In the technology-driven world in which we live, many bedrooms feature a television; it’s common in bedrooms across the country. Whereas bedroom rituals used to consist of late-night reading, this has largely been replaced by boxsets on the television. There isn’t anything wrong with watching television in the evening, and you should not feel guilty about it; however, excessive television can negatively affect the quality of your sleep. Our affiliation with television is laid bare with statistics outlining that the average Brit per week watched over 22.5 hours of tv in 2020. Continue reading to gain an insight into what’s defined as binge-watching, the effects of this and how it can be combatted.
As per the Cambridge Dictionary definition, binge-watching is ‘to watch several episodes of a television series or programme, one after another.’ However, this could be considered somewhat ambiguous, and to put this into context, watching between two and six TV series episodes in one sitting is binge-watching.
Excessive amounts of television for a prolonged period can negatively impact your physical and mental health. Below are some of the impacts of binge-watching.
Similar to the intrinsic link between laying in bed and watching television, there is often the temptation to sit in bed with your favourite snacks and the new series of the drama you’re streaming. It makes perfect sense, really, and it’s the sense of solace that comes with comfort, entertainment and sweet treats juxtaposing an exhausting day. This home ritual is shared across the nation; we all deserve the opportunity to unwind. However, if this becomes a regular occurrence, television and junk food can offset addictions, and for susceptible people, eating junk food can lead to full-blown addiction. Finding yourself in the rabbit hole of a television series or marathon of films can lead to the temptation to snack.
Perhaps the most apparent consequence of too much screen time is its effect on our eyesight; whilst TVs don’t cause permanent eye damage, they can cause eye strain, a common condition that can lead to eye pain, blurry vision, and headaches. Check out our blog detailing the impacts and effects of blue light from devices and how this affects our eyesight and sleep.
Long periods spent in front of a screen and high content consumption can increase the risk of cognitive decline, potentially leaving you tired and impairing your ability to process new information.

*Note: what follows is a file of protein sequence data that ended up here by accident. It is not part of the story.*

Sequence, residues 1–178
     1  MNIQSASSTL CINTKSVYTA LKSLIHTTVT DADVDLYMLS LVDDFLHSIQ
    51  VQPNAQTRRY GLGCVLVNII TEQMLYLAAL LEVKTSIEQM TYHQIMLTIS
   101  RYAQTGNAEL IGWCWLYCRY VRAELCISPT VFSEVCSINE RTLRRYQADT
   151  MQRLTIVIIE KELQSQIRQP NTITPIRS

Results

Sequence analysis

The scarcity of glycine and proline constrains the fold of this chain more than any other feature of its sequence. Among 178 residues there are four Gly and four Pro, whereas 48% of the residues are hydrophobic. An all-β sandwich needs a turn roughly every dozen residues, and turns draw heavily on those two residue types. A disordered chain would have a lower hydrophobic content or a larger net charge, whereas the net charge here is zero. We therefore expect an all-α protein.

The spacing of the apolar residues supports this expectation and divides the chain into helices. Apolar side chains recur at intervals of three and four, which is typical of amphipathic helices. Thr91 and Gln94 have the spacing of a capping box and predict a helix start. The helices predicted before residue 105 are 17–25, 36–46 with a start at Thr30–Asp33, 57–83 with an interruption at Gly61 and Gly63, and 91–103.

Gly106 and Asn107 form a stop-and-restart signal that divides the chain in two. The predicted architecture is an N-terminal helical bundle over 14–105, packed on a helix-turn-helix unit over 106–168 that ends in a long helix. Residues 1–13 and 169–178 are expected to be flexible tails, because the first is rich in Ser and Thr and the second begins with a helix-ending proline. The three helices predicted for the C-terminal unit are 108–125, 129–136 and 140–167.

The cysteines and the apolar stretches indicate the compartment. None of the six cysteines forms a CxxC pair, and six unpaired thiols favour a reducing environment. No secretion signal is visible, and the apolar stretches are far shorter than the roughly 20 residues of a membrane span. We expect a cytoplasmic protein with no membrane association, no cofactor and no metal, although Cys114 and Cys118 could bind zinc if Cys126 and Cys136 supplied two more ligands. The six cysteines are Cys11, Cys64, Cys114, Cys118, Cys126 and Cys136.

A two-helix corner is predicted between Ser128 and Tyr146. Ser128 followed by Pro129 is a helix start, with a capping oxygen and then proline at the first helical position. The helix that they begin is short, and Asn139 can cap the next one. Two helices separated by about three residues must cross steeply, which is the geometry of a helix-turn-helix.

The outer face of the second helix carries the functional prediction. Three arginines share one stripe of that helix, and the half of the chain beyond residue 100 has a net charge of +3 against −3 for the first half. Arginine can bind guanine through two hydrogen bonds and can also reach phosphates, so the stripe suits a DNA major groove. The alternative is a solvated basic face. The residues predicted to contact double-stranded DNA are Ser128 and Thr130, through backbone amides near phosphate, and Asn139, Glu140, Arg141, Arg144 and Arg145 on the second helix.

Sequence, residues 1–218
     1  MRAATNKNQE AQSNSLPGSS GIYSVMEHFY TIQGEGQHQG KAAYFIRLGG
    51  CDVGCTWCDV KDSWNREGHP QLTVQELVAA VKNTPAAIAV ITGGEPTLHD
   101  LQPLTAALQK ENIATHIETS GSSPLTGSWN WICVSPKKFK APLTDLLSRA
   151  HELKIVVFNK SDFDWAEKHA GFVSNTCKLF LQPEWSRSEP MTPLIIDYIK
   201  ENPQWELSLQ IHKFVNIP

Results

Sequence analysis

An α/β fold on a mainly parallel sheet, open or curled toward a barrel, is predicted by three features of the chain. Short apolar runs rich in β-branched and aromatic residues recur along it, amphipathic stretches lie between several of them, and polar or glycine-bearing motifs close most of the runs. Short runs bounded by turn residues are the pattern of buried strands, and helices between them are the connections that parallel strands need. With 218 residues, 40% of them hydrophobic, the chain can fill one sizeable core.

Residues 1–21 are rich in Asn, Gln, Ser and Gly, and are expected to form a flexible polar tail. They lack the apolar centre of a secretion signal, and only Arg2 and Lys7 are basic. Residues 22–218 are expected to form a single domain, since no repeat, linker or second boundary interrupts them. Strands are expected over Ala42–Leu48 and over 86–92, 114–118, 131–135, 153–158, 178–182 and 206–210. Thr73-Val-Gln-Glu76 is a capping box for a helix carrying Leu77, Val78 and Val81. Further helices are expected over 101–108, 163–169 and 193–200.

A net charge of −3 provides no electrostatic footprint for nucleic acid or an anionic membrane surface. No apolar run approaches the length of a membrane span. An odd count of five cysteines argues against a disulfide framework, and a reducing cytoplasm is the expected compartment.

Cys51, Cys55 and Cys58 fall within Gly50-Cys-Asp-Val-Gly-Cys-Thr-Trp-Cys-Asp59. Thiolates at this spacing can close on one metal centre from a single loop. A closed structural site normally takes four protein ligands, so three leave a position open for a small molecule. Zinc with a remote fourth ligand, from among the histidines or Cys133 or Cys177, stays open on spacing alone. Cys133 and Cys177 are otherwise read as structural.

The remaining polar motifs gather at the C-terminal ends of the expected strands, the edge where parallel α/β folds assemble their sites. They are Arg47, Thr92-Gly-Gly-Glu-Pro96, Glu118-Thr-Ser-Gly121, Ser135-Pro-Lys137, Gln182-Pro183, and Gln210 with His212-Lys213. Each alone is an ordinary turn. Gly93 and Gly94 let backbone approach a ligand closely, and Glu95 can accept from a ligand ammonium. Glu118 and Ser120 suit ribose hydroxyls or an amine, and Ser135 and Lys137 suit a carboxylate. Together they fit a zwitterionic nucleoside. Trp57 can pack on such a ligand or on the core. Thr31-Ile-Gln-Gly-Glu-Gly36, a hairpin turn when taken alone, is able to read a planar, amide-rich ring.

It’s become a routine habit of tucking ourselves into bed and reaching for the television remote, sometimes, we aren’t even particularly interested in watching television, yet we’ll still trawl through category after category on streaming services to find something to watch before we fall asleep. Preparing yourself for bed when you actually feel tired reduces the temptation of switching the television on; do you ever have those nights where you fall asleep almost as soon as your head hits the pillow? Well, this can become increasingly common if you prepare for sleep at the point when you genuinely feel tired.
Of course, it doesn’t matter how tired you are if you’re sleeping on a poor mattress quality that is no longer suitable. If you’re struggling to sleep, then late-night or early-morning television could be tempting; a new mattress could be a two-fold solution in that it can improve the quality of your sleep while simultaneously reducing the window of opportunity for television viewing. If you feel it’s the right time to replace your mattress, consider our range of memory foam mattresses for body moulding and targeted support to provide unparalleled comfort and tailored night’s rest and combat your sleep troubles. Moreover, our help and advice hub features various useful articles designed to help combat your sleep troubles.
There is no harm in trying something new to fill the time you’d usually spend watching tv; consider reading or knitting, among other hobbies, and consequently cut down on the amount of television you watch.
A structured and systematic television routine controls your screen intake and details when it’s most suitable to watch television and when to take a break; a weekly schedule can act as a helping hand to reduce the time you spend in front of the television.